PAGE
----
The Charlotte Hornets, without Al Jefferson, are the next team to try and put a stop to the Golden State Warriors perfect start to the season. For Jeremy Lin, it’s another opportunity to face his first NBA team, and also the first to let him go.
Lin is a minor piece in the story of this game. The big issue is the Hornets trying to win for a sixth time in seven games, the last of a home stretch in which they’ve lost just once while winning five times. Al Jefferson isn’t playing, which probably means Cody Zeller is going to be starting at center, and it opens up the opportunity to play some small ball or at least a shooting lineup for Steve Clifford, against a Warriors team who specialize in these kind of lineups, although don’t use them unless they need it.
Defensively, this is going to be a huge issue for the Hornets. The only way of stopping Stephen Curry is double teaming him and slowing down the pace of the game, but that leaves someone open. The Hornets don’t have enough defensive talent to really make it difficult on Golden State like the Jazz did in the Warriors previous win. However, going with a bigger perimeter, which means Lin and Nicolas Batum at the guard slots, with Marvin Williams, Frank Kaminsky and Zeller in the frontcourt could be an interesting way of approaching things.
Don’t expect it to happen though, even if playing the Warriors is the perfect time to experiment for Clifford, who has rarely been creative in his lineup choices this season. A loss is what most people expect anyway, so why not try to find out whether certain lineups work or not, giving yourself options for the rest of this season? Clifford will probably go with his more traditional choices, which is what hasn’t worked for every other NBA team against the Warriors this season.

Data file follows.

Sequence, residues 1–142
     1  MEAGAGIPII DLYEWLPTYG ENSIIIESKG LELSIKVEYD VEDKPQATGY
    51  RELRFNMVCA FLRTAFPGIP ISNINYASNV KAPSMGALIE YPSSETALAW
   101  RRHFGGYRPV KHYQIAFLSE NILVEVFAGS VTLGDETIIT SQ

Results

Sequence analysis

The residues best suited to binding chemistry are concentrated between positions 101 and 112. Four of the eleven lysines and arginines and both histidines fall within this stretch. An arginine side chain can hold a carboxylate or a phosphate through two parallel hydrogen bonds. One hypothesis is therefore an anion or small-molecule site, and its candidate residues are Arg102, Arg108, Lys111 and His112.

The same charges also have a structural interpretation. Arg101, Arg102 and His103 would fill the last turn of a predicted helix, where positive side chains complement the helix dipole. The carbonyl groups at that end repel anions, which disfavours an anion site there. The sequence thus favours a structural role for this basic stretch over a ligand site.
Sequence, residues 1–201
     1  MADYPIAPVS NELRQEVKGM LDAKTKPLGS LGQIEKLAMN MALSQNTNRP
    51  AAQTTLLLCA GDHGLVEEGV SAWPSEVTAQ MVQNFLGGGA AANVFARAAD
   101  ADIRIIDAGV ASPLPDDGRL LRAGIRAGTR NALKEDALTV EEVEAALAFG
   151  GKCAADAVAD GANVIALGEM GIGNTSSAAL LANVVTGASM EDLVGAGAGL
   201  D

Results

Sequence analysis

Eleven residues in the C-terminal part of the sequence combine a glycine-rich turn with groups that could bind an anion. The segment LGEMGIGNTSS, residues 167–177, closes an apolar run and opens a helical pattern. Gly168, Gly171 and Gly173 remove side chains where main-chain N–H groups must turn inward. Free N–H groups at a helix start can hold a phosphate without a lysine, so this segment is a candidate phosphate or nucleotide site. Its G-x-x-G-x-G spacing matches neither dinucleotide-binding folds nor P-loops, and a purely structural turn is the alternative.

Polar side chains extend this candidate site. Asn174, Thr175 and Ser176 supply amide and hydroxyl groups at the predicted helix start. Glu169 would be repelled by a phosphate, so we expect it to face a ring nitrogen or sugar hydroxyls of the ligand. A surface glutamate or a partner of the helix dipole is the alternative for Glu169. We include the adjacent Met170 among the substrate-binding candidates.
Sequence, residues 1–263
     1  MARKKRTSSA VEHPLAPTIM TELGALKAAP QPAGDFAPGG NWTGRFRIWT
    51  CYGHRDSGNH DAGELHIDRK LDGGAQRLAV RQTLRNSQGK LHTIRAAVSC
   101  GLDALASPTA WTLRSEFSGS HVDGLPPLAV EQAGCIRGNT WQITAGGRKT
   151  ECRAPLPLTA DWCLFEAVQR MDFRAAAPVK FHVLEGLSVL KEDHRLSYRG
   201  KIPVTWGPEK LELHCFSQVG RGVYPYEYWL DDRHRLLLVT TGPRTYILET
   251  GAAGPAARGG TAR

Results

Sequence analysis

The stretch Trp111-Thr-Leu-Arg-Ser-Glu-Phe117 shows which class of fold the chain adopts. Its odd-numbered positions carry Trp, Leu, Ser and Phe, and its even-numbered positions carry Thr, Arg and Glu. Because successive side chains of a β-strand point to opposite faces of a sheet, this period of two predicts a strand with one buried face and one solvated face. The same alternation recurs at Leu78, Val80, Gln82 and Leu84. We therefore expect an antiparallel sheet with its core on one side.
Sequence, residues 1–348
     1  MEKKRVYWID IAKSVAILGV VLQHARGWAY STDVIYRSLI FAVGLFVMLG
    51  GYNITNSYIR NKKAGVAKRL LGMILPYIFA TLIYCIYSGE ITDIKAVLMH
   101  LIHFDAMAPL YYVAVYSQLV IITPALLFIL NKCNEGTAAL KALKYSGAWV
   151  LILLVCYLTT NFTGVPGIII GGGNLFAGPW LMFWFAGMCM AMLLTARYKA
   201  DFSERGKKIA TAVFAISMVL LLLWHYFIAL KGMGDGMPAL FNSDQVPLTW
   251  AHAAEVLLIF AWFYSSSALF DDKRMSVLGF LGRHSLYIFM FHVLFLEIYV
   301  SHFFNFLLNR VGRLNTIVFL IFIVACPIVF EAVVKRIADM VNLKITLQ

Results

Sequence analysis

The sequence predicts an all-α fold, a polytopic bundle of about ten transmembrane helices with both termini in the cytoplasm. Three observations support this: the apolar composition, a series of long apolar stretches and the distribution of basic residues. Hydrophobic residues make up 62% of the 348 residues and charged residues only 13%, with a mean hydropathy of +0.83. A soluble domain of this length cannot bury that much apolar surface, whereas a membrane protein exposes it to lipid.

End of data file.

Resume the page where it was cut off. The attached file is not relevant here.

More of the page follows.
Back to Lin, who hopefully will get more minutes in this game, even if the rotation got shorter in the frontcourt, not for the guards. It’ll be the 12th time he faces the Warriors, a team he’s averaged 11.5 points and 4.5 assists against. He had two bad games and two pretty good ones against the Warriors last season, including a stunning Lakers win out of the four meetings. In 2012-2013, when the Warriors were a different team and Lin was playing for the Rockets, he probably had his best run against them, including a 28-point performance when the Rockets were hitting 3-pointers like layups before Mark Jackson told his players to start hitting anyone who tried a three.
There are many ways to approach this game for the Hornets, and in pretty much every scenario the likely ending is a loss. But playing Lin at point guard, or at least as the guy handling the ball most of the time, they improve their chances of making this competitive. Not by randomly taking him out and putting him in, but by giving him real, substantial, consistent minutes on the floor. Clifford might not get a W from it, but there’s more in one basketball game than just a win.